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    Household Renovation Projects May Pose Pet Danger  

Before embarking on that “do-it-yourself” project, review these helpful hints to keep pets safe from the hazards that common home improvement materials can pose.

Paints — Most water-based latex paints are relatively low in toxicity but could still produce gastrointestinal upset. Artist’s paints or other specialty paints could contain heavy metals that could potentially be harmful if large enough amounts are ingested. Should your pet get paint on its skin or hair coat, never use paint thinner or similar solvents to remove it — a chemical burn could result. Instead, a mild pet shampoo or liquid hand dishwashing detergent can be used to bathe the skin and fur. If exposure to the hair coat is extensive, clipping or shaving by a local veterinarian may be required.

Adhesives/Glues — Depending on the type of adhesive involved, a variety of clinical effects are possible following ingestion. Certain construction glues may produce only mild gastrointestinal upset, while others can cause more significant irritation. Additionally, some expanding glue products can result in a potentially life-threatening gastrointestinal obstruction if ingested.

Solvents — Paint thinners, mineral spirits and other solvents can result in severe irritation or chemical burns to the skin and mucous membranes of the eyes, mouth and gastrointestinal tract. In addition, ingestion could produce central nervous system depression and inhalation of these substances could lead to aspiration pneumonia.

Lead — Some older homes, particularly those built prior to 1978, may contain surfaces that have been painted with lead-based paints. Lead exposure can occur from eating paint chips or by inhaling paint dust from sanded or scraped surfaces. Other potential sources of lead can include drapery weights, plumbing parts, putty, rug pads and linoleum. Lead exposure can produce gastrointestinal, behavioral or neurologic effects, as well as clinical symptoms from anemia. The Environmental Protection Agency (EPA) is one source of information to help determine if your home could pose a lead threat.

Mold — Mold can be found in many parts of the home, including under carpeting, behind walls or in heating and cooling ducts. Certain species of mold can produce mycotoxins, which can produce gastrointestinal, cardiac and/or neurologic effects such as tremors and seizures. While most problematic mold exposures in pets involve the ingestion of spoiled foods, if mold is discovered in the home, pet owners should contact the EPA for information on mold hazards, including safe cleaning and removal in order to avoid the potential for problems.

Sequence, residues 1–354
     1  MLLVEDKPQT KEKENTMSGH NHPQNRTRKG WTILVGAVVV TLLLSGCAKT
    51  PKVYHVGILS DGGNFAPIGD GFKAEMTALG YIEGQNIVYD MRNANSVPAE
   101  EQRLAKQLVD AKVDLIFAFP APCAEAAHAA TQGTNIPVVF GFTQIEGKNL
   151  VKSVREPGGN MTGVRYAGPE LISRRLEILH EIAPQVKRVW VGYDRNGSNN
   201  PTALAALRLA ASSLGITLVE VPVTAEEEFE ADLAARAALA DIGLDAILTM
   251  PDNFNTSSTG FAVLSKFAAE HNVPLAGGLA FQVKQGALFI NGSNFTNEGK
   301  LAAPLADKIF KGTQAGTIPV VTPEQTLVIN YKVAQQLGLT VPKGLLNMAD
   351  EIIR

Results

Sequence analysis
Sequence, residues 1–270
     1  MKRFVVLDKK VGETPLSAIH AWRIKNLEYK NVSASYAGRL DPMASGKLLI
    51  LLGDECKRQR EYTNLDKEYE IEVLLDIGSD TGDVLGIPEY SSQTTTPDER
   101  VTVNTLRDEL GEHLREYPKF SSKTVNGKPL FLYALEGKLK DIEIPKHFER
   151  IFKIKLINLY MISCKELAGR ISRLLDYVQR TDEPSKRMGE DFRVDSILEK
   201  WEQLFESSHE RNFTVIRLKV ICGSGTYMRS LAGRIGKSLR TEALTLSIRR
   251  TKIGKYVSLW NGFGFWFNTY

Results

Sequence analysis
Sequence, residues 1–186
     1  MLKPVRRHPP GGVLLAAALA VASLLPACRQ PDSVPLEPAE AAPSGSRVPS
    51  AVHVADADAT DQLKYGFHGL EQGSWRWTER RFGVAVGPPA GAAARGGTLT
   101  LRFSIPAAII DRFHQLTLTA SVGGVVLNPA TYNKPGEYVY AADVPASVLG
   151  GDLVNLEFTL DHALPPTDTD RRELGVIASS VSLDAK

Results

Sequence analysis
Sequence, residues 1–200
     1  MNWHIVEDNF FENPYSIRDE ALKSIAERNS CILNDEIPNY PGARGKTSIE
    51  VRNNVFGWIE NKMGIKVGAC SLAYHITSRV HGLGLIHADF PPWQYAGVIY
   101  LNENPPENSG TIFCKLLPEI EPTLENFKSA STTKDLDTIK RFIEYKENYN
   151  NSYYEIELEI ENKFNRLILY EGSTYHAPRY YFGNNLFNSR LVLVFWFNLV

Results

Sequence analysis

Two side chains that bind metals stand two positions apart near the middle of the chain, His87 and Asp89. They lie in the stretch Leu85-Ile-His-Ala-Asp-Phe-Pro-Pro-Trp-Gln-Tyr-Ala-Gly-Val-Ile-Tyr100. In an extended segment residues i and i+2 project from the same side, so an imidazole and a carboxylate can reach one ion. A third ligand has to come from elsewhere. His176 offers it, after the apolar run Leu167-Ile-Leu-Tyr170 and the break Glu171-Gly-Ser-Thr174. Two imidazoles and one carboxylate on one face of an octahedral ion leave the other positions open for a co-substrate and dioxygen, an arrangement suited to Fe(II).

Physical Hazards — Pets could be at risk from a wide variety of physical hazards in homes that are being renovated, including nails, tacks, staples, screws, insulation, electrical cords on power tools and much more. Ingestion of nails and other small hardware fasteners can cause damage to the gastrointestinal tract and could result in an obstruction as well. Pets chewing on plugged in electrical cords could become electrocuted and/or suffer electrical burns to the mouth.

As prevention is the key to avoiding problems from accidental exposure, animal owners should keep pets completely out of areas where renovation or other home improvement projects are occurring and should always read and follow label directions for safe use and storage of materials. In certain situations, it may be advisable to board pets in a kennel or daycare facility to eliminate the potential for exposure to hazardous substances. If accidental exposure should occur, owners should seek veterinary assistance promptly by calling their local veterinarian or an animal poison hotline. Additionally, owners should have the product container or packaging available for reference, as critical ingredient information or instructions on how to manage accidental exposures may be on the label.

ASPCA Animal Poison Control Center, 1-888-426-4435

The Animal Poison Hotline, 888-232-8870 sponsored by North Shore Animal League America and PROSAR International Animal Poison Center (IAPC).

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